“It was a pretty time of year when people wanted to be outside.” —Greta Layton, Point-to-Point co-founder.
As Winterthur celebrates its 40th running on May 6, organizers remember Greta B. “Greets” Layton, who co-founded Point-to-Point. The original idea was to find a way to get more people to Winterthur, increase visitation and expand community awareness. Mrs. Layton grew up around horses, and she believed it would work at Winterthur, with its open countryside set in a region where people were interested in horses. She went to then-board member Julian Boyd, who suggested a steeplechase in the spring.
The first race 40 years ago was described as fairly well attended–certainly not like today, and it was not much of a family event. According to Mrs. Layton, it took several years before the event took hold, but its success grew. She attributed that to two things: There was a window of opportunity the first week in May, when Winterthur wasn’t competing against any other racing events, and it was the time of year people wanted to be outside.
Winterthur honors Mrs. Layton for believing in an idea, working to bring it to fruition, fostering its growth, and helping it bloom into one of the most spectacular and anticipated annual spring events in the region.
“Footing, not fences, injure the horse,” – Hugh Morshead, Willowdale course designer.
The Willowdale Steeplechase features a first-class steeplechase course in a community known for its top jockeys, trainers and owners. Behind this great event is W.B. Dixon Stroud Jr., who’s ridden all his life and won the prestigious Maryland Hunt Cup in 1984. After having competed at the top levels in both steeplechase and polo, Dixon decided it was time to have a world-class steeplechase course right in the heart of Cheshire Hunt County. Combining his love of steeplechasing and his commitment to the community, he—with the help of many others—founded the Willowdale Steeplechase.
It takes a great deal of time, effort and money to create a world-class steeplechase course. The project began in earnest in 1991, when Stroud began construction on the course with the aid of Hugh Morshead, a native Irishman now residing in Canada. Carved out of a former 160-acre dairy farm, the Willowdale site is a natural amphitheater, allowing for 80-95 percent viewing from any location.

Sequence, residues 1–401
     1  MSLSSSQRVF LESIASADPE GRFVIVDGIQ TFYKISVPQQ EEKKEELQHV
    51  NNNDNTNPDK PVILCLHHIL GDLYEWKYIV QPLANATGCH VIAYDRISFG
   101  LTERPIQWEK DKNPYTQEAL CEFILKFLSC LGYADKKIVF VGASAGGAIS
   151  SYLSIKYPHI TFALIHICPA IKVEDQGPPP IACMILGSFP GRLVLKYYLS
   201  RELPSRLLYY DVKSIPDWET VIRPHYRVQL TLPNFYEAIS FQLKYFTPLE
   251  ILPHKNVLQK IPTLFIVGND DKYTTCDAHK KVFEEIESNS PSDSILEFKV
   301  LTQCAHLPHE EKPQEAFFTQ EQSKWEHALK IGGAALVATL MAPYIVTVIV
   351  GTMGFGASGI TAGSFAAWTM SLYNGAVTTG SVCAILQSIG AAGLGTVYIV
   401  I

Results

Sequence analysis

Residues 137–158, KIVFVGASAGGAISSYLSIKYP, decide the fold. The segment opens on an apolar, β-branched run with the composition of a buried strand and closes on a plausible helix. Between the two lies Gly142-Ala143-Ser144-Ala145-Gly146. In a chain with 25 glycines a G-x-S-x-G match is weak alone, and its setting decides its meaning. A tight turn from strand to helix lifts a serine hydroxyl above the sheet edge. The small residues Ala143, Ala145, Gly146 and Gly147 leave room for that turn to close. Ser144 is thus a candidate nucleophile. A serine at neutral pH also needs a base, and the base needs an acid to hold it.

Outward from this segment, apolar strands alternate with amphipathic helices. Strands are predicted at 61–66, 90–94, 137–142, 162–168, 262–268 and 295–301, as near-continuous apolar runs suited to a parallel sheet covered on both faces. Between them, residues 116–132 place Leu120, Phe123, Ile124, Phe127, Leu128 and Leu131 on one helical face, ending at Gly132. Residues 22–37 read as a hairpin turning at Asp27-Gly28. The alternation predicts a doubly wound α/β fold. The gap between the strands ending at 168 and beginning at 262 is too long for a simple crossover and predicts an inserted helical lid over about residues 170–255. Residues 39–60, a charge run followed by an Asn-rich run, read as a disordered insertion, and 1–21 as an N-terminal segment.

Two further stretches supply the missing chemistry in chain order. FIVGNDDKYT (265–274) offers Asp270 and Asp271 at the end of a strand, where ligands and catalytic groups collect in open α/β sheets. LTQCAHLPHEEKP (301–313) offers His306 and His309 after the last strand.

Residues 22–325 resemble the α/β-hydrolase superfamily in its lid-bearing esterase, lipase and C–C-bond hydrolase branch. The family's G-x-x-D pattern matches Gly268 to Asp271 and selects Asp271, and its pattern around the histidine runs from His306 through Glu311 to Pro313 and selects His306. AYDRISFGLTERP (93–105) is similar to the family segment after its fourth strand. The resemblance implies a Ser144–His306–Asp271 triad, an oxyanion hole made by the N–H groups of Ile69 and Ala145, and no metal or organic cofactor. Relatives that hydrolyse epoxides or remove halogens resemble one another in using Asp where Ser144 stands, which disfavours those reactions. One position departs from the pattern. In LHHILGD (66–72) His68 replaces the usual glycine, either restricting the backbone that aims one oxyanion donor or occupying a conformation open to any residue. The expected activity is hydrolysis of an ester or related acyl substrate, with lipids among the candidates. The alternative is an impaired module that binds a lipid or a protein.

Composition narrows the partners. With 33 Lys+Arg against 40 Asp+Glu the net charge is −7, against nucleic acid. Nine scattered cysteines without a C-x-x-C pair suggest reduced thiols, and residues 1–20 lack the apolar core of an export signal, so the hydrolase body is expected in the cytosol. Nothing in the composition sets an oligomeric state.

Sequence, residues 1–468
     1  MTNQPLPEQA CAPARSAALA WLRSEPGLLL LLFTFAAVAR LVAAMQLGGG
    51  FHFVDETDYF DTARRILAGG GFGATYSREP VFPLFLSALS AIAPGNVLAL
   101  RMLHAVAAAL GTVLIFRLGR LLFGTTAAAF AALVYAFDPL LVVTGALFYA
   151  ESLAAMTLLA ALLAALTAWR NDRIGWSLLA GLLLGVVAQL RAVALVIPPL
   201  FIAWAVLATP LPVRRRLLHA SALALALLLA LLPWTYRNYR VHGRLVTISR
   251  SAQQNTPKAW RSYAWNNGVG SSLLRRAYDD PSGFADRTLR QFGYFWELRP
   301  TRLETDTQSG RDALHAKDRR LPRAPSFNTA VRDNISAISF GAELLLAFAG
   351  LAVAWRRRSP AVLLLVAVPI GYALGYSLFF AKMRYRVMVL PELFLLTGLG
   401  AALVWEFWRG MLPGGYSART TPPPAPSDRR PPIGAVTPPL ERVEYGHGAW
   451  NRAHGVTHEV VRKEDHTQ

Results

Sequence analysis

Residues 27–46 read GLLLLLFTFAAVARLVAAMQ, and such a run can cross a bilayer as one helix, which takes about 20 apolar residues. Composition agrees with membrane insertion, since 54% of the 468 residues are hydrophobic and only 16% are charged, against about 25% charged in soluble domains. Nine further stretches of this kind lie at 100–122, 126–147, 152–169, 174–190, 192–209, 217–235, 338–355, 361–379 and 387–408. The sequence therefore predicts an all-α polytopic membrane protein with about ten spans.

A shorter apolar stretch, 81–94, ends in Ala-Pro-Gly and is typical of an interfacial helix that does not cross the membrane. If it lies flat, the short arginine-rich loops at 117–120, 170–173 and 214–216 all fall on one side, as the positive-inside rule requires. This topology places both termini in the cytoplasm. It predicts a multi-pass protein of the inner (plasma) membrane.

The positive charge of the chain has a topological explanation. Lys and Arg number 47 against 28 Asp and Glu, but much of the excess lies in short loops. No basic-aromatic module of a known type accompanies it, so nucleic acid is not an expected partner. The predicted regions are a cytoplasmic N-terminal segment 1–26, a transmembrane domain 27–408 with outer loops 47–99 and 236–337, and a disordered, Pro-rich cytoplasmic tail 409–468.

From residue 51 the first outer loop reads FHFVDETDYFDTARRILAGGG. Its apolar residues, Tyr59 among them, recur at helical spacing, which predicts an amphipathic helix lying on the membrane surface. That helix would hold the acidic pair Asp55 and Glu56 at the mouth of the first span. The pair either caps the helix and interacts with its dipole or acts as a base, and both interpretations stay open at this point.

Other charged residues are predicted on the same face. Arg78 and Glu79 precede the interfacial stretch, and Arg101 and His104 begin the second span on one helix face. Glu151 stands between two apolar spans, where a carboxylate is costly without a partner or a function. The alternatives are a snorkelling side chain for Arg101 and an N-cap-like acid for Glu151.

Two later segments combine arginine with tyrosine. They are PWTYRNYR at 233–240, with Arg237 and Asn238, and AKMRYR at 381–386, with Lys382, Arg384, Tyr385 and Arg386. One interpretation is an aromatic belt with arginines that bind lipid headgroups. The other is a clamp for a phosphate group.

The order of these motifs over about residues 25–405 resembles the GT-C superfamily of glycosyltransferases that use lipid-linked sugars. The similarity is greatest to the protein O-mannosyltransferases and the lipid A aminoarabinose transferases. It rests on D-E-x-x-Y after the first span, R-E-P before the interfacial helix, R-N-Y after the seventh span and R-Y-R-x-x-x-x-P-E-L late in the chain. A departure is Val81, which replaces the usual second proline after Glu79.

With its spectacular water jump, hedges, and post and rail jumps, the course is equally inspired by European and American racecourses. It features an uphill approach to the fences, which encourages less speed and more jumping. This causes less wear and tear on the horses. “Footing, not fences, injure the horse,” says Morshead. “A lot of thought had to go into the drainage of this field. Dixon has taken great care to develop this surface with a horse’s safety in mind.”
The length of the course is a little over 1.2 miles. The water jump is the only one of its kind in North America. Due to its 12-foot span and 18-inch drop in elevation, jockeys have to ride “California surfing” style, referring to the way they must sit on the horse.
From the inaugural race on Saturday, May 22, 1993, until today, attendance, interest and support have become stronger and stronger at the Willowdale Steeplechase. And it will continue to grow thanks to its commitment to combining the great tradition of steeplechasing with the ever-changing needs of the community. Since it’s founding in 1993, Willowdale has donated more than $400,000 to local charities.
This year marks the 88th running of the Radnor Hunt Races. Held on the grounds of the Radnor Hunt in Willistown Township, Pa., the event is expected to draw an estimated 25,000 guests. The National Hunt Cup and the Radnor Hunt Cup headline the day’s six races.
Founded in 1883, the Radnor Hunt is the oldest foxhunt in the United States, recognized by the Masters of Foxhounds Association of America. The first Radnor Hunt Races were held in 1928 at Chesterbrook, Pa., the former estate of A.J. Cassatt. Bill Hunneman Jr., first chairman of the Radnor Hunt Race Committee, was largely responsible for its successful beginning. He spearheaded the relocation of the famed National Hunt Cup from Brookline, Mass., to its current location in Malvern, Pa. His inspiration and foresight are very much alive today. The William C. Hunneman Jr., Perpetual Trophy annually recognizes the winner of the Radnor Hunt Cup Race.
The Radnor Hunt Races were run annually until racing was suspended during the war years of 1943-1945. The following year, George Brooke II—with the aid of Morris Dixon, Thomas McCoy Jr., and George Strawbridge Sr.—supervised construction of a new course on the present club property.
In 1980, the Radnor Hunt began a partnership with the Brandywine Conservancy spearheaded by Betty Moran and George A. “Frolic” Weymouth. Under their leadership, the Radnor Hunt Races came under the “Racing for Open Space” theme.
For the past 38 years, the Brandywine Conservancy has been the sole beneficiary of the Radnor Hunt Races, with nearly $4 million raised—funds that have fueled the conservancy’s vital efforts to protect open space and water resources in southeastern Pennsylvania and northern Delaware. To date, more than 64,000 acres have been permanently protected, including the Radnor Hunt racecourse itself and the surrounding lands. The Radnor Hunt Races continues to attract the country’s finest steeplechase horses, owners, trainers and riders, with purses totaling $190,000.